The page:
I’m inspired by him and Larry David, who are pure instinct players, and so I trust my instinct on this. I kind of feel people are craving this and don’t realize it. What is that feeling? Where does it come from? Why does my particular brain chemistry register it? That stuff I don’t get at all. But I know that it’s fairly accurate, and that’s what I can go on.
So, what do you bring to this project? How did you approach directing musical numbers when you don’t have a background in that?
I want the audience to have a direct experience. I want to erase this barrier between the performers and the audience, as if this was a live show. So I went about figuring out different ways of doing that. Originally, every song and dance was performed live, without dubbing at all. My intention was to do a very punk-rock recording so that the flaws were there, but some of the stuff we wound up overdubbing — things happened over time that smoothed out some of the stuff. But a lot of that rawness is still there.
On top of that, besides looking at the classic, great musicals, I looked at things like Xanadu. Xanadu was a very interesting case — the director, frankly, didn’t give a shit. He’s shooting off the set. You can see crew guys in the background leaning over the railing — he wasn’t really paying attention, it got slapped together. But I thought, “That’s super-funny. That would make me laugh.” It’s something that you don’t see too many movies committing to, the idea of shooting off the set. (The producers) would say to me — and this is a low-budget movie — “We’ll fill in the background.” (I would say,) “No, no, don’t fill in anything.” That vibe — that sensibility, that aesthetic — was applied to this movie. It adds another layer of humor and fun and connection for the audience, because they’re seeing the process.
In 2016, you put out Army of One, starring Nicolas Cage. It sounds like it was a total disaster: The film was recut without you, and then the movie sank like a stone at the box office. I could imagine, after that film, you thinking, “You know what? I don’t need this.” Despite liking the Dicks script and songs, was it still a process of going, “Do I want to do another movie? That last one was such a bad experience”?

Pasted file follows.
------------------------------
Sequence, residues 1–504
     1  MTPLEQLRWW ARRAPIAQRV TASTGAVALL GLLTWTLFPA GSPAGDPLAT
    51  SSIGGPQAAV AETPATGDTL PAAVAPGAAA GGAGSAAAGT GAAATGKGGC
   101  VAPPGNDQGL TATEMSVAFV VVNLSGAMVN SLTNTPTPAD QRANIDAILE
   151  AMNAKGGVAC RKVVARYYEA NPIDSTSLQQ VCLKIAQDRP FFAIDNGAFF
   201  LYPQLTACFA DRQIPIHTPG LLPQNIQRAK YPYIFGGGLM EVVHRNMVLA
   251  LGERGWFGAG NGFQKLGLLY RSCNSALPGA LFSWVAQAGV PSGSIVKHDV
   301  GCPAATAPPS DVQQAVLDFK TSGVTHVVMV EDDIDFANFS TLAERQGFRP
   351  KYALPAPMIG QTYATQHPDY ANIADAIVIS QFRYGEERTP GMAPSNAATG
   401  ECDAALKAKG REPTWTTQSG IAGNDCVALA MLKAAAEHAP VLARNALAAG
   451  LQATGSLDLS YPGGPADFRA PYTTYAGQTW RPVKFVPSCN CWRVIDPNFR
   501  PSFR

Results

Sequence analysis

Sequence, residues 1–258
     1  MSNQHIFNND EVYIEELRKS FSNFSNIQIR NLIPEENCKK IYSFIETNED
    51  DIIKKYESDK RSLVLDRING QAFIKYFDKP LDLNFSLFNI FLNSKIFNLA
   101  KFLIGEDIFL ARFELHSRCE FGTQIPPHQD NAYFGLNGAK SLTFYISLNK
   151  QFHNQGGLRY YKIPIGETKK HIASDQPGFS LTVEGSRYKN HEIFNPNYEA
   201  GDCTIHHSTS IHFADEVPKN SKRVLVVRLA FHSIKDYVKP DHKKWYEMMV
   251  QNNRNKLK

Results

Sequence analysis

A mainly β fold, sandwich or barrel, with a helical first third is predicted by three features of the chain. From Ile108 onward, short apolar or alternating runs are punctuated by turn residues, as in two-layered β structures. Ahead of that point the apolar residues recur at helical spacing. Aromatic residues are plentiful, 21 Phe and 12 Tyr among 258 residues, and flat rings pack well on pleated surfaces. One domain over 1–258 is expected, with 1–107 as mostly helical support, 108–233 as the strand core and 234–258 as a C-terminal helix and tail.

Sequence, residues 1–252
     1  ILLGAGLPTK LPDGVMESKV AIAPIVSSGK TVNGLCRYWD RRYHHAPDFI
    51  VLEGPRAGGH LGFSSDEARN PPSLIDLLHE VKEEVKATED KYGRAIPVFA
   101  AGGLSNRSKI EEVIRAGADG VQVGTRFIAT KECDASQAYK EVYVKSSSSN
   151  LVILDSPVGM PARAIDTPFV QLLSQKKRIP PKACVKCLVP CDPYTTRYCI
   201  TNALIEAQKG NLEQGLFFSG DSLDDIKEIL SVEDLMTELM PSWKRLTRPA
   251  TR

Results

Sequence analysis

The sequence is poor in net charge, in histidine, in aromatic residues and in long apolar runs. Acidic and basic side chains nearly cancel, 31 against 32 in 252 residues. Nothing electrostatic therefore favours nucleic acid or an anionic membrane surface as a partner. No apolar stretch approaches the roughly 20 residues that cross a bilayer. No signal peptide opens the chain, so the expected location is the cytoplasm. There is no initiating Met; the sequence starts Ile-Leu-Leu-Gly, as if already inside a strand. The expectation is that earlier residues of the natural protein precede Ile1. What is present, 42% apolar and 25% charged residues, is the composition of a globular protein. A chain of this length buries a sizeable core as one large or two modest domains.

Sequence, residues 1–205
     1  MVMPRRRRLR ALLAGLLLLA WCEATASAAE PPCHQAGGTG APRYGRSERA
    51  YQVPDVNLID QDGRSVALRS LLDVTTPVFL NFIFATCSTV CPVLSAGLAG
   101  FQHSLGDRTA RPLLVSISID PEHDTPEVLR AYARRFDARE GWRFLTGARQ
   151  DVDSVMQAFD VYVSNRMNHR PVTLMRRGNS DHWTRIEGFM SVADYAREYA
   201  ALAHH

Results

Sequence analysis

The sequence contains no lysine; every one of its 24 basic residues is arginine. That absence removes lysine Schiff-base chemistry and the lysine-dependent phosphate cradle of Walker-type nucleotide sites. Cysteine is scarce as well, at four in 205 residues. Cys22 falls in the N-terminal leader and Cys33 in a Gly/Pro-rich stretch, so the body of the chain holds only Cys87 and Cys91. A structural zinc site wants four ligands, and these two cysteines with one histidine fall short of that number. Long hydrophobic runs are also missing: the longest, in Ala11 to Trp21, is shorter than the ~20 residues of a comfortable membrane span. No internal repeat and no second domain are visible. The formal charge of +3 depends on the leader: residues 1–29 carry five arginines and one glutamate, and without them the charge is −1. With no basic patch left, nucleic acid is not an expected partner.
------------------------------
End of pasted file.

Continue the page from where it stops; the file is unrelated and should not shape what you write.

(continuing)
I was exactly in that place. I didn’t have, really, an ambition, and I felt like my own stuff was not being responded to. There was nothing out there that was being sent to me that I was excited about. I was thinking about doing other things in other mediums. I wrote a book, I did this Larry David documentary that got pulled at the last second — for undisclosed reasons at this point. So, I’m very busy and creative and prolific, but a mainstream movie? Yeah, I thought that was probably it. I already was wary going into (Army of One) and felt very burned by the whole thing — as did Nicolas Cage, by the way, which I think is an experience he has a lot.
But this came along, and I read the first page of the script and I was laughing out loud. I was going upstairs and saying to my wife, “I’m still laughing out loud on page five! I’m still laughing out loud on page 20!” By the end of the script, I knew I had to do it, and that was it. We spent the next year working on the script, by the way — there was a lot of work to get it (ready for production). But those guys are such great collaborators, and it was a fantastic shooting experience — even though it’s hard for me to get up in the morning and go to the set. My wife would have to drag me out of bed, just because I can’t do it anymore, on some level. But I was always happy to be there and I had a great time. It was really exhilarating — and life-affirming as well.
When filmmakers have an artistic and commercial disaster, like Army of One, it can be interesting to see what lessons, if any, they learn from it.